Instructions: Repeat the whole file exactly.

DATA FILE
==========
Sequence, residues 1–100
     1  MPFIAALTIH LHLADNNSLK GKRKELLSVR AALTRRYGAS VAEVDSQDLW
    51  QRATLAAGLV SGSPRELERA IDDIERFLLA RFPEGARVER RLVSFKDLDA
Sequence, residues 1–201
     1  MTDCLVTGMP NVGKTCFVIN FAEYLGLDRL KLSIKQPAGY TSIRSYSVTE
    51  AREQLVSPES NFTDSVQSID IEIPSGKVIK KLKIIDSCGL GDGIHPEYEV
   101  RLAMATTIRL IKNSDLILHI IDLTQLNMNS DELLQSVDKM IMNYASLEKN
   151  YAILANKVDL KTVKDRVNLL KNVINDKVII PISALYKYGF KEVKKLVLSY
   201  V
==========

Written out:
Sequence, residues 1–100
     1  MPFIAALTIH LHLADNNSLK GKRKELLSVR AALTRRYGAS VAEVDSQDLW
    51  QRATLAAGLV SGSPRELERA IDDIERFLLA RFPEGARVER RLVSFKDLDA
Sequence, residues 1–201
     1  MTDCLVTGMP NVGKTCFVIN FAEYLGLDRL KLSIKQPAGY TSIRSYSVTE
    51  AREQLVSPES NFTDSVQSID IEIPSGKVIK KLKIIDSCGL GDGIHPEYEV
   101  RLAMATTIRL IKNSDLILHI IDLTQLNMNS DELLQSVDKM IMNYASLEKN
   151  YAILANKVDL KTVKDRVNLL KNVINDKVII PISALYKYGF KEVKKLVLSY
   201  V